Leaf Type: Pu-erh
Where to Buy: Butiki Teas
Our Organic Ancient Phoenix Puerh originates from a sustainable farm on Wuliang Mountain in China and is handpicked by the Yi tribe of Yunnan. This Shou (ripe) puerh was harvested in 2011 from organic ancient trees. The tea is pressed into cakes using only skilled hands and a unique fragrant wood. Organic Ancient Phoenix Puerh is smooth and rich with raw cocoa, oak, and sweet tobacco notes. This high quality tea can handle a substantial amount of infusions.
Read more about this tea on Steepster.
A few weeks ago, Butiki Teas announced on Steepster that it was closing permanently very soon. I was very sad about this announcement because Butiki Teas is one of my favorite purveyors. So, I started sorting through my stash to see if I had any teas on hand from Butiki that I had not yet reviewed so that I could offer a goodbye to one of my favorite tea companies here on SororiTea Sisters – and this is the tea that I found. So, yeah, this tea is no longer available from Butiki Teas, but this review is less about the tea for me and more about offering a heartfelt farewell to a wonderful tea company.
And this Ancient Phoenix Pu-erh is absolutely lovely. It doesn’t surprise me, because I can’t say that I’ve had anything from Butiki that I wasn’t impressed with! (Which is why I’m sad to see them go!)
These tiny Pu-erh cakes are about the size (in diameter) of a quarter although they’re a bit thicker than a coin. It makes portioning rather simple, I just dropped one of the “coins” into my gaiwan and covered it with hot water (190°F) for 15 seconds to awaken the leaves. Then I strained and discarded the liquid. I poured the water over the coin – which is already starting to break apart – and infused it for a minute. Then I poured the tea into my teacup and enjoyed. Pu-erh offers multiple infusions and this was just the first of many cups that I’d enjoy this evening.
My first cup is sweet. It’s almost a sugary sweetness. There are notes of earth to the cup as well, but the sweetness is stronger than the earthy qualities. (I like that in a pu-erh!) It’s a very soft tasting tea, this first cup. Much softer than I’m used to from a pu-erh. There are light spice notes.
The second cup was also steeped for 1 minute. Usually, I add 15 seconds onto the steep time but that wasn’t needed here. This has a much deeper flavor. Some of the earthy notes have emerged now. I’m still getting those spice notes I mentioned with the first cup, as well as the sweetness. I taste notes of leather and cacao and wood. This is a very complex cup. Very smooth. No astringency. No bitterness.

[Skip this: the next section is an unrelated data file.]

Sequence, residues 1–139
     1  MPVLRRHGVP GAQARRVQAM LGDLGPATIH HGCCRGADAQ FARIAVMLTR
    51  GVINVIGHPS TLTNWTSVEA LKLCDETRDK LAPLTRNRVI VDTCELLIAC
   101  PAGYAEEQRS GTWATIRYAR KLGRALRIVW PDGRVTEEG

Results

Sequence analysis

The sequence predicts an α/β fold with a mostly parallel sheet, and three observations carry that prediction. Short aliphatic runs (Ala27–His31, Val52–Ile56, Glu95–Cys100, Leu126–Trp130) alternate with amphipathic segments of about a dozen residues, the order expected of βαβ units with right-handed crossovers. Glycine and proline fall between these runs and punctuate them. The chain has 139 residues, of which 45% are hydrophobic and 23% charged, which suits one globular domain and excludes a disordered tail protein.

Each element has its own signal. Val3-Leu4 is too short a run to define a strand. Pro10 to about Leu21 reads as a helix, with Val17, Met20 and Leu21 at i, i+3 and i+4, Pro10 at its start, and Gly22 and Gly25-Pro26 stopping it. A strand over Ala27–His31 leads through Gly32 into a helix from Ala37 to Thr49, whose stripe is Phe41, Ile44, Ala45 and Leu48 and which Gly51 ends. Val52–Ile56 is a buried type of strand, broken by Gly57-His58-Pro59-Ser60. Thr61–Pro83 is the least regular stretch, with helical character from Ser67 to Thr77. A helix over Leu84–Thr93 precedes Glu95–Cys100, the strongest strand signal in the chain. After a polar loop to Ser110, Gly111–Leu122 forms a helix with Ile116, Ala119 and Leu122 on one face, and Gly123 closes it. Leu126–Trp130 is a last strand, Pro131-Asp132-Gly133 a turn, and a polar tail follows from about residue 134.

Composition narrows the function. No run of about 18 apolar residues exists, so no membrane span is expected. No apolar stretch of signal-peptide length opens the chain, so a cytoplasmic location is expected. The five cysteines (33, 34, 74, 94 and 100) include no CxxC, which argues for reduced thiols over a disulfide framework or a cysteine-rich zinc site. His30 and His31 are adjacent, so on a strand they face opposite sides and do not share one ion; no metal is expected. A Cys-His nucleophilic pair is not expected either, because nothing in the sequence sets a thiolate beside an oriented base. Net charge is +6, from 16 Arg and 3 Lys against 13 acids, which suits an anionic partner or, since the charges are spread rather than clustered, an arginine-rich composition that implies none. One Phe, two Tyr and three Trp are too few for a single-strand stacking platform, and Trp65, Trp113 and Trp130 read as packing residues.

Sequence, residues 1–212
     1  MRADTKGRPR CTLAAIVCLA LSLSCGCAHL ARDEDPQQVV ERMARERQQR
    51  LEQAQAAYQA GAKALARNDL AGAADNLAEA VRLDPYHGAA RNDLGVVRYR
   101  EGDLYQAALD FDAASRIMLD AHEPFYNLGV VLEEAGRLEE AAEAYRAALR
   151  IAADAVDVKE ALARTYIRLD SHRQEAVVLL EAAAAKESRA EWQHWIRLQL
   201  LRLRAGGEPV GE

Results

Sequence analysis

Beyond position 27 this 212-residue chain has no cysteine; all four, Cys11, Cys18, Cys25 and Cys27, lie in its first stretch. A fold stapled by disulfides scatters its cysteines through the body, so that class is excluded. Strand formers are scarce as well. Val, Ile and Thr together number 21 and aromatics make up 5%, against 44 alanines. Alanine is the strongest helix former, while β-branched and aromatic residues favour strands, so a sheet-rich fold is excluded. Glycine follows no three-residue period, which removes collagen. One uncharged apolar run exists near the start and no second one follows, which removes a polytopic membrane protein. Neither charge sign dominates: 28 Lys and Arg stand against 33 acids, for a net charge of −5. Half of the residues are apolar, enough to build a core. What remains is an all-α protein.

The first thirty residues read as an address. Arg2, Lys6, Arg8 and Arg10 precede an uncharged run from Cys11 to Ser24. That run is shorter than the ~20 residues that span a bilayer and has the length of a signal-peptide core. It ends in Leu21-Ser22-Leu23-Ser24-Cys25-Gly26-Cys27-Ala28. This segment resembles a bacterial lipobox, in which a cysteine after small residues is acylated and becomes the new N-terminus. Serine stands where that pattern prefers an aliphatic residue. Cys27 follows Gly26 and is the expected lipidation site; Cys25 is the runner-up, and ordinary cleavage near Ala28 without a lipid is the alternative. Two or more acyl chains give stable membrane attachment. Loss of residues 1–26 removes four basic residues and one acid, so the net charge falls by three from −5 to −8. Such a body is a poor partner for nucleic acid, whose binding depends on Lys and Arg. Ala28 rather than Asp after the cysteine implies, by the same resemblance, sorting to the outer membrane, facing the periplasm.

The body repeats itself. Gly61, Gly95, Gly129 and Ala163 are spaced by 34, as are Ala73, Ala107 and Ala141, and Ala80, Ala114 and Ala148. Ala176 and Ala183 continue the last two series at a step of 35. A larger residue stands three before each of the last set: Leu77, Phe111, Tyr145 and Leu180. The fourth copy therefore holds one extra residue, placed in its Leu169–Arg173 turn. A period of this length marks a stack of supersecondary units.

The third cup – well, the third cup and I didn’t really agree. I steeped it for a full minute again and I found it to be a little reminiscent of a thick cup of coffee. Not a good coffee either. Kind of like a tar-like coffee you might find in one of those 24-hour truck stop diners that don’t get a lot of traffic so the coffee’s been sitting there for the last six or seven hours. I found it interesting that at least one of the tasters of this tea on Steepster experienced a less than favorable third infusion as well. Weird.
So, I tossed that cup and went for infusion #4. This time, rather than setting a timer, I just watched the color and when the color was dark I poured it. I would estimate that the fourth infusion was about 20 seconds. Much better than infusion #3, this is earthy, kind of mushroom-y, with notes of leather and cacao. I am picking up an undertone of molasses-like sweetness. A very smooth, mellow and deeply flavored cup.
I kept on steeping. I found that by the fifth cup, this had become a very pleasant tea. This is a tea that you can’t really set a timer – you just need to watch it. When the color becomes dark, it’s time to pour and enjoy. Sweet with notes of spice. Cacao! The earthy notes are starting to become less prominent and allowing the sweeter characteristics to come forward.
As I sip this tea, I raise my cup to the greatness that is Butiki Teas. I recommend to all of you – if you haven’t yet tried any of this company’s teas, shop now before you lose that opportunity. I will miss you, Butiki Teas!
Anne started her journey with tea as a casual drinker and became more serious about her tea drinking when she realized that she couldn't drink coffee. Shortly thereafter, she started becoming obsessed with the beverage and she started creating small-batch, artisan blends of tea that she sold online as LiberTEAS. After a few years, she realized she wasn't cut out to be the sole proprietor of a business so she closed LiberTEAS and started reviewing teas online. She met Jennifer through another blog that they both reviewed for and they decided to start their own review blog. This review blog!
Throughout her journey as a tea reviewer, she discovered 52Teas and became enamored with the idea of creating a new tea every week. When the founder of 52Teas decided he wanted to move on, he offered the business to Anne but knowing that she wasn't cut out to be a sole proprietor, she instead offered the company to her oldest daughter who employs her as the Mad Tea Artist for 52Teas!
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